Fronted by the charismatic energy of Timothy Gassen, Marshmallow Overcoat has been keeping the spirit of psychedelic garage rock alive and kicking since 1986.
Roger Waters, long-time Pink Floyd engineer James Guthrie to oversee remix of 1992′s Amused to Death
Roger Waters returns to his greatest solo triumph, 1992′s Amused to Death, for new stereo and 5.1 remixes with James Guthrie, the long-time Pink Floyd engineer. The forthcoming reissue, issued via Columbia-Legacy, will also include new content and graphics.
This sound, in the dead of night, comes rushing out of my radio — a tornadic gust of horns. Then there follows a devastatingly cool lyric, amid a suave and spacious groove. But who is it? 45 seconds in, I finally peg “Can’t Hide Love” as the new Earth Wind and Fire song; I knew Maurice White’s “yow” anywhere.
A long-awaited and much-anticipated musical collection has come to fruition in the form of Ooh La La: An Island Harvest from the late Ronnie Lane and his ironically named early-1970s group Slim Chance.
Elton John was a star on the rise in 1973, having gained critical and commercial success in the UK and U.S. in just a few years.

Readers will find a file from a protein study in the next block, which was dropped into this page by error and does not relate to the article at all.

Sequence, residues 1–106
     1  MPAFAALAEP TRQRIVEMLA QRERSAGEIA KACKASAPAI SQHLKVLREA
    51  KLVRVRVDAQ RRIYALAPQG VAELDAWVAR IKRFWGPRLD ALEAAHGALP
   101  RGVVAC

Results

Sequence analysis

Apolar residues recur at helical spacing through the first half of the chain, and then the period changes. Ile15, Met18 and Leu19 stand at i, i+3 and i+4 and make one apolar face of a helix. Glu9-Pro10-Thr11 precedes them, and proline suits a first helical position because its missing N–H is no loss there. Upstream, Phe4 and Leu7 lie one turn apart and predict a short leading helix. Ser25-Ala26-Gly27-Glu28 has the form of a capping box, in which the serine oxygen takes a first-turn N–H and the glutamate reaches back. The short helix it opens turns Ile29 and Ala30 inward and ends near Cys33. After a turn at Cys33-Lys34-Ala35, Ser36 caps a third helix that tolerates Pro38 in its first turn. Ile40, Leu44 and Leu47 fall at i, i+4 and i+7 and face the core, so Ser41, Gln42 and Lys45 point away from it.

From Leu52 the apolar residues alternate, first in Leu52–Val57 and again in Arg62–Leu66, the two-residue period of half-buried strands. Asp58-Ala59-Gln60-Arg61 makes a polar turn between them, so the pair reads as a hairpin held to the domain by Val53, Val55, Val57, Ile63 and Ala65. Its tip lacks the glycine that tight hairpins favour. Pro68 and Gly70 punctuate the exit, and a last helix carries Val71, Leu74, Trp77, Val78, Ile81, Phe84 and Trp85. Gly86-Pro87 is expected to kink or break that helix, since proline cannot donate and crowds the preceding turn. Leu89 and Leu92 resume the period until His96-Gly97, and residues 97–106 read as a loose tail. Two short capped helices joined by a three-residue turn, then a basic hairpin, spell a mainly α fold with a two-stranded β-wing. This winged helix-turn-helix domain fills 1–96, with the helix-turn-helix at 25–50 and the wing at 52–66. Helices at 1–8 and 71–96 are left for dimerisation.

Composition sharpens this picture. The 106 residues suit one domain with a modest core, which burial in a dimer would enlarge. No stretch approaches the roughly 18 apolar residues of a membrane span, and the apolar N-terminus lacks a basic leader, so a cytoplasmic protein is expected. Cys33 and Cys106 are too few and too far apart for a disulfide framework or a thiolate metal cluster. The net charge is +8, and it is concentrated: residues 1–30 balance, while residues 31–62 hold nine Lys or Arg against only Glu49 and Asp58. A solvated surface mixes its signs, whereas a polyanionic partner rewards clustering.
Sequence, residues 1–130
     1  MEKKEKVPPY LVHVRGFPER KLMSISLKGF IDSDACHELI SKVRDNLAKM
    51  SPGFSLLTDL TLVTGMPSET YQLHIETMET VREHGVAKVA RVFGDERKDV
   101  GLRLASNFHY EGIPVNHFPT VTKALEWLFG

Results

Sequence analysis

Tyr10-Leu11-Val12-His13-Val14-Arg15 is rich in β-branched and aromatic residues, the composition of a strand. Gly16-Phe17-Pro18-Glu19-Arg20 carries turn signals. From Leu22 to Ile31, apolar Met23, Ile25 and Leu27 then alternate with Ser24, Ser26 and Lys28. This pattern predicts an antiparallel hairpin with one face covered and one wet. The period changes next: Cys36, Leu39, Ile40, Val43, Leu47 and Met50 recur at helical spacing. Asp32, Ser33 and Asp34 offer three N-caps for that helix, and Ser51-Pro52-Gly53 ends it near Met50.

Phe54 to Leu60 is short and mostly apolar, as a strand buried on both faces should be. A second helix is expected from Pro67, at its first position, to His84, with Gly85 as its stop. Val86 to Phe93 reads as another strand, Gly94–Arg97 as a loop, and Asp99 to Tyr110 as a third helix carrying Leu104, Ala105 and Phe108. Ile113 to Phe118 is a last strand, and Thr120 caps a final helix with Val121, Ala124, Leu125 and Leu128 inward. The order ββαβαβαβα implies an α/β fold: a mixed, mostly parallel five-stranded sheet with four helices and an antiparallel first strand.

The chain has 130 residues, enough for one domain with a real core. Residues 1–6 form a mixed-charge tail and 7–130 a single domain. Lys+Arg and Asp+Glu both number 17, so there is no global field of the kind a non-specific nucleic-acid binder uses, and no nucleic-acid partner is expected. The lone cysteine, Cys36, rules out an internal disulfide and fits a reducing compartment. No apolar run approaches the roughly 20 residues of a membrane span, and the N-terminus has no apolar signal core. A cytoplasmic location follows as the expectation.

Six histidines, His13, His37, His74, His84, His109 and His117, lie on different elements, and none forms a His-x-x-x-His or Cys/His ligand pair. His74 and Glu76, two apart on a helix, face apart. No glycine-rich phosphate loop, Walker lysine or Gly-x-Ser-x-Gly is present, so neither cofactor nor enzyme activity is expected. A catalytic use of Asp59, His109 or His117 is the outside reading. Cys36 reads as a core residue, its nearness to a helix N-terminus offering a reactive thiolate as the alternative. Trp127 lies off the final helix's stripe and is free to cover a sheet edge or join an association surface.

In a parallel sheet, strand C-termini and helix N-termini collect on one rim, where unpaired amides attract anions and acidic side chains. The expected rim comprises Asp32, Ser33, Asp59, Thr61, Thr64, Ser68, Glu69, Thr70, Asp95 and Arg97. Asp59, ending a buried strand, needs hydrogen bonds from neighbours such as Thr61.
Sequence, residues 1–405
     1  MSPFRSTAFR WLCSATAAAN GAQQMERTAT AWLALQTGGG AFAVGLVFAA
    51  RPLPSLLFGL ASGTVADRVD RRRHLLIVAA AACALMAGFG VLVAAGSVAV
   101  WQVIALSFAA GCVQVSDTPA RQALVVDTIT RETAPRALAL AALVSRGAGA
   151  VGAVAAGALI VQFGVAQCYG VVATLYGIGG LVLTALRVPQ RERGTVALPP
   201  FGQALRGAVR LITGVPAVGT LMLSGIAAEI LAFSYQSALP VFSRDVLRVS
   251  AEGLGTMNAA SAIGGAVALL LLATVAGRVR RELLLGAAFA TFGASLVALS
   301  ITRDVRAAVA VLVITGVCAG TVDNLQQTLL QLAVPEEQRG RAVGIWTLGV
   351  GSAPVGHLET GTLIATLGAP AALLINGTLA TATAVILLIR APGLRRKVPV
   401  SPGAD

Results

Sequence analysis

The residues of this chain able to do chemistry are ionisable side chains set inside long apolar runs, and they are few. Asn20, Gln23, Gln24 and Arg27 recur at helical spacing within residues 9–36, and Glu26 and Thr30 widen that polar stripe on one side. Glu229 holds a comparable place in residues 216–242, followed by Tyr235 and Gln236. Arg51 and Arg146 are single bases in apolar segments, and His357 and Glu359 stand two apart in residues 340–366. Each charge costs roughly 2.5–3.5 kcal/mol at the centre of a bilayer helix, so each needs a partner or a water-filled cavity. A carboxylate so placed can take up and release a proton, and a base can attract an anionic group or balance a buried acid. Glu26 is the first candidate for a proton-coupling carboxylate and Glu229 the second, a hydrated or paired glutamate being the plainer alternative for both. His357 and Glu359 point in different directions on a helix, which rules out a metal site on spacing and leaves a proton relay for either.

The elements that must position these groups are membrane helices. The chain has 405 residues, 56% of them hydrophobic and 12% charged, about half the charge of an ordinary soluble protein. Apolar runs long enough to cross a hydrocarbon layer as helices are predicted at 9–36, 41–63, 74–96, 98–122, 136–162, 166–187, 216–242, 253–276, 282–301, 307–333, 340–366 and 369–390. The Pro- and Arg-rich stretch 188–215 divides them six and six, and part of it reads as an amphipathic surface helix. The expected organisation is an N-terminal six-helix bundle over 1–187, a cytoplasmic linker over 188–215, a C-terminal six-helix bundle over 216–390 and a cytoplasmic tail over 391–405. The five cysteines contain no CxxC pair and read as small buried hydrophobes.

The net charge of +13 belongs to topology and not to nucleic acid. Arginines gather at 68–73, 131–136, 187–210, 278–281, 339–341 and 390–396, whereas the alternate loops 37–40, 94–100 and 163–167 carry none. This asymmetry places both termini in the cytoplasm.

The What-ing What Project? Never, perhaps, has a figure in rock music been simultaneously so famous and so … anonymous.
There is much to love, of course, about this double-disc 30-song collection of confectionary power-pop goodness. After all, it’s a first-time-ever grouping of both the best of his years with the Raspberries and as a solo artist. But The Essential Eric Carmen goes one step further, collecting Carmen’s first new song in some 18 years. That track, a determinedly hopefulRead More
It’s an album that plays with all of the disjointed profundity of a greatest hits project, all of the kitchen-sink self-indulgence of your typical 1970s-era double album, and all of the outsized personality we’ve come to expect from the former Reginald Kenneth Dwight.
Not yet recognized as the Soul Queen of New Orleans, Irma Thomas had gone some time without a hit by the time she signed with Atlantic’s Cotillion subsidiary in the early 1970s. She’d last charted a pop hit in 1966, and had only gotten to No. 42 with her most recent R&B hit — back in 1968.
Olias of Sunhillow, Jon Anderson’s utterly unique 1976 solo debut, was always meant to be listened to completely — and at very high volumes. With its fantastical storylines (a flaxen hero, the promise of a better day, some seriously weird outer space stuff) and enveloping soundscapes, the former Yes frontman created a rich and rewarding world unto itself.